Lawsuits take aim at use of AI tools by health insurance companies to process claims

The growing use of artificial intelligence by the health insurance industry faces mounting legal challenges, with patients claiming that insurers are using the technology to wrongly deny coverage for essential medical services.

The complaints, which take aim at health insurers United Healthcare and Humana, have sparked fears that AI’s integration in the health insurance sector will drive up coverage claims denials, preventing chronically ill and elderly patients from receiving quality medical care. A rash of coverage rejections is fueling calls to increase government oversight of the largely unregulated use of AI by the health insurance industry, experts told CBS MoneyWatch.

A class-action lawsuit, filed on December 12, alleges that health insurer Humana used an AI model called nHPredict to wrongly deny medically necessary care for elderly and disabled patients covered under Medicare Advantage — a Medicare-approved plan run by private insurers. Another lawsuit, filed last month, alleges United Healthcare too used nHPredict to reject claimsdespite knowing that roughly 90% of the tools denials on coverage were faulty, overriding determinations by patient physicians that the expenses were medically necessary.

A Humana spokesperson said the company uses “various tools, including augmented intelligence to expedite and approve utilization management requests,” and “maintains a ‘human in the loop’ decision-making whenever AI is utilized.” The spokesperson added that Humana does not comment on pending litigation.

United Healthcare did not reply to CBS MoneyWatch’s request for comment.

Use of AI by Humana, United Healthcare

NHPredicts is a computer program created by NaviHealth, a subsidiary of United Heathcare, that develops personalized care recommendations for ill or injured patients, based on “real world experience, data and analytics,” according to its website, which notes that the tool “is not used to deny care or to make coverage determinations.”

But recent litigation is challenging that last claim, alleging that the “nH Predict AI Model determines Medicare Advantage patients’ coverage criteria in post-acute care settings with rigid and unrealistic predictions for recovery.” Both United Healthcare and Humana are being accused of institutionalizing policies to ensure that coverage determinations are made based on output from nHPredicts’ algorithmic decision-making.


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Humana “employees who deviate from the nH Predict AI Model projections are disciplined and terminated, regardless of whether a patient requires more care,” one lawsuit states.

Similarly, United Healthcare “disciplined and terminated” employees who strayed from nH Predict guidelines, “regardless of whether a patient requires[d] more care,” according to a lawsuit against the insurer.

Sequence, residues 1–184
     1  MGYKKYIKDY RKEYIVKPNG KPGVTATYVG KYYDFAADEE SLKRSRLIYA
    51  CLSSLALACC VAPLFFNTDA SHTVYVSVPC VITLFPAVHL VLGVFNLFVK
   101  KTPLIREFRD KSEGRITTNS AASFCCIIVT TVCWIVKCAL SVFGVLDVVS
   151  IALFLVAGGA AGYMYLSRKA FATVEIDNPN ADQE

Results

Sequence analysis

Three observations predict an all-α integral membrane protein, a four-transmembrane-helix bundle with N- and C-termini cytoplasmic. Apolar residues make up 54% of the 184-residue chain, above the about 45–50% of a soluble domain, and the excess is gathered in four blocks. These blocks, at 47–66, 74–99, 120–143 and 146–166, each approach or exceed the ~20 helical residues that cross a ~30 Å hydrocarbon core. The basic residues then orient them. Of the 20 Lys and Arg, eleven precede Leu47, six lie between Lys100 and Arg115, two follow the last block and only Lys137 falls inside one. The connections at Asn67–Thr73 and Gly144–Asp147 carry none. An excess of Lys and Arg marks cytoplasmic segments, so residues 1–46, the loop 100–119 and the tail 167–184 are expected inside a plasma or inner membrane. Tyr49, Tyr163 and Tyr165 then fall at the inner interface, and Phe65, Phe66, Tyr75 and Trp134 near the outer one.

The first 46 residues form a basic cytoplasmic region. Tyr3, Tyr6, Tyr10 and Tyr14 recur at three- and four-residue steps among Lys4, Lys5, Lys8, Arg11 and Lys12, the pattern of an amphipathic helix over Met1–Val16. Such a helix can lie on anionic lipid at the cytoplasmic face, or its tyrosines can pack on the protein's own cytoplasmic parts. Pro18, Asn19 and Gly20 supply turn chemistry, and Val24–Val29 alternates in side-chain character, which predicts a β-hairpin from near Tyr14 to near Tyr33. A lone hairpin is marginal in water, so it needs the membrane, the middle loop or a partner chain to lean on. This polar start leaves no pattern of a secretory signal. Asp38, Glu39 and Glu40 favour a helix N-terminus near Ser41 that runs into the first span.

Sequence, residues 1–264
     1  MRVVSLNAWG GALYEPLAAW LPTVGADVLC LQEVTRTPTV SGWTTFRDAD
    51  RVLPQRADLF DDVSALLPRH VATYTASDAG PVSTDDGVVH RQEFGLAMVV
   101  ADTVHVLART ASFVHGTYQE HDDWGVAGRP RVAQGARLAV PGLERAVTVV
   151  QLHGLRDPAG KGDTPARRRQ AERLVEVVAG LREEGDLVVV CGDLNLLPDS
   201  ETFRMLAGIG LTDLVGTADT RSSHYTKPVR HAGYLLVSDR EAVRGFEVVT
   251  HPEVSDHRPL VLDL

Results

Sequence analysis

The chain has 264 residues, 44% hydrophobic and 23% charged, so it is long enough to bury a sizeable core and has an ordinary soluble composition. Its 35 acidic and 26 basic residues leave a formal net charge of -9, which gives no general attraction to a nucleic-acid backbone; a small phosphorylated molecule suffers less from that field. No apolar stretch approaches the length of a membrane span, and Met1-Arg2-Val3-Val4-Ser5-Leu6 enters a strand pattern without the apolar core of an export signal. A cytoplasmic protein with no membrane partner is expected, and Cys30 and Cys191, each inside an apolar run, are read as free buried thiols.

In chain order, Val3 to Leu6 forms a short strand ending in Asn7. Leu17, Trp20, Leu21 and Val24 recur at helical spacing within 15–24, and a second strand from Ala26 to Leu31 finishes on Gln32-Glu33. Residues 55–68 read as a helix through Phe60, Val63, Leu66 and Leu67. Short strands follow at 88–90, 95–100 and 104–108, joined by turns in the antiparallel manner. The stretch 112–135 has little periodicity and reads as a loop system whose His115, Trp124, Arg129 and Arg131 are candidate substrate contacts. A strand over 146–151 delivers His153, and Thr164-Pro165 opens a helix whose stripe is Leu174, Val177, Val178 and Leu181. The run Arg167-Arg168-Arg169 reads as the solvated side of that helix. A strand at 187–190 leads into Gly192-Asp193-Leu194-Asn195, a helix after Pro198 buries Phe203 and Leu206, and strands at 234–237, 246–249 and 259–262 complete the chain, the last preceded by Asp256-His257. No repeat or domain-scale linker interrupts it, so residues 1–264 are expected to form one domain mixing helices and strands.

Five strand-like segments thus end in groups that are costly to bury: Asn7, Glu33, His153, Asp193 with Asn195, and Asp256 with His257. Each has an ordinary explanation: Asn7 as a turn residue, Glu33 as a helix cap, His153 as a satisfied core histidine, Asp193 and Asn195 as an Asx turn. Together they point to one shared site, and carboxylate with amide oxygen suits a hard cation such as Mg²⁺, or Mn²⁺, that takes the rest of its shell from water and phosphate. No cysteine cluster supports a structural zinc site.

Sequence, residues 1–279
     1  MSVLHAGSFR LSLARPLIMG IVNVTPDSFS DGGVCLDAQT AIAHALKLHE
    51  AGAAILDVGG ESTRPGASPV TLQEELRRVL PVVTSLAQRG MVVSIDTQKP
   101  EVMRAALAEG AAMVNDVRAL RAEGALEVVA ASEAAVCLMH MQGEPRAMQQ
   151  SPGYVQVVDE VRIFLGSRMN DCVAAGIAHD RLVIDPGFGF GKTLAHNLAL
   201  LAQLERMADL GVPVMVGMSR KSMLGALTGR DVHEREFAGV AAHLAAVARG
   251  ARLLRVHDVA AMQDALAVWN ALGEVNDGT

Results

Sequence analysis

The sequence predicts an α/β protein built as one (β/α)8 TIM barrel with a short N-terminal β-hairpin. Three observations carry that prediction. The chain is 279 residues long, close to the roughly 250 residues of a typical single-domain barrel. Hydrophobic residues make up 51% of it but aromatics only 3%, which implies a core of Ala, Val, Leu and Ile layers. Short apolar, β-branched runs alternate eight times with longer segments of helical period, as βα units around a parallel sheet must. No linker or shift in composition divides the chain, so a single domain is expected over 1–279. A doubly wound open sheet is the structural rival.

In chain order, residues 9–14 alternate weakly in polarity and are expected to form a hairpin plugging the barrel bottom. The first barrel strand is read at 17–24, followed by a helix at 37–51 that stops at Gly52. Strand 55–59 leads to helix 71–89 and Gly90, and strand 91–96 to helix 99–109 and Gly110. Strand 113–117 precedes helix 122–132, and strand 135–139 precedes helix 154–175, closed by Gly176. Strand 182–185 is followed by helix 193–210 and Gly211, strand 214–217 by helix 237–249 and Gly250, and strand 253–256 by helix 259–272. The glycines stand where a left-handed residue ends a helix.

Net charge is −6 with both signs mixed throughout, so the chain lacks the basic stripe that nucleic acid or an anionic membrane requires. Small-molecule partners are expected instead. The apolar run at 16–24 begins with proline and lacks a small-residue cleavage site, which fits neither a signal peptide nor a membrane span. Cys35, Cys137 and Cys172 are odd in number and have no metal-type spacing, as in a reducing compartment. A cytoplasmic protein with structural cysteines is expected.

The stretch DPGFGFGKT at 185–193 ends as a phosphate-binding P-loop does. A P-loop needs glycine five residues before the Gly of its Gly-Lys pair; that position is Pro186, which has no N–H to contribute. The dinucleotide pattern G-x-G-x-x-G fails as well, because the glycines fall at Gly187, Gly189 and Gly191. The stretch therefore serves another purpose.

NaviHealth did not respond to CBS MoneyWatch’s request for comment.

Rise in claim rejections

David Lipschutz, a lawyer who advocates for Medicare patients, said he’s seen “more frequent” and “inappropriate” insurance claim denials this year. The changes coincide with the adoption of AI by health insurance companies to determine coverage for Medicare patients, he said.

“In our experience, the use of these algorithmic tools has led to more denials, or premature terminations of coverage for things that would otherwise be covered,” Lipschutz said.

In 2021, insurers denied nearly one in five claims they received, up from several years earlier, according to KKF.

Still, it’s impossible to know whether insurers’ AI tools are directly responsible for the rise in claim rejections, according to Lipschutz. As insurance companies aren’t legally required to disclose the reasons behind their coverage decisions, publicly available data on insurers’ claims reviews processes is scanned, making it difficult to determine what’s driving up denials, he said.


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Cindy Cardinal, a retiree in North Carolina who cares for her octogenarian father, has spent more than a year fighting various claim denials from United Healthcare, the insurance company that offers her father’s Medicare Advantage plan.

The first tussle began when Cardinal’s father broke his hip, forcing him to undergo an emergency hip-replacement surgery. After the operation, a doctor recommended he be admitted to an intensive inpatient rehabilitation program to help him regain his mobility.

The program would cost $1,800 a day out of pocket — about the same cost as the average mortgage payment in the state of North Carolina.

Cardinal said a response to her father’s claim arrived within minutes: United Healthcare wouldn’t foot the bill.

The insurer did not provide any information on how it decided it wouldn’t cover the care ordered by her father’s physician, she said.

Lipschutz said litigation against UnitedHealthcare and Humana could accelerate efforts to regulate the application of AI technology within the health insurance industry, even if a resolution to current battles doesn’t come for several years,

“Through litigation, legislation and the court of public opinion… [there’s] hope that these types of inappropriate behaviors will subside,” he said.

Last week, Cardinal’s father moved into her home. She said she has recently been fighting for coverage for her father’s physical therapy sessions, sometimes spending hours on the phone with United Healthcare. Her father’s doctor has also just recommended palliative care. Cardinal is anticipating having to fight for coverage for that as well.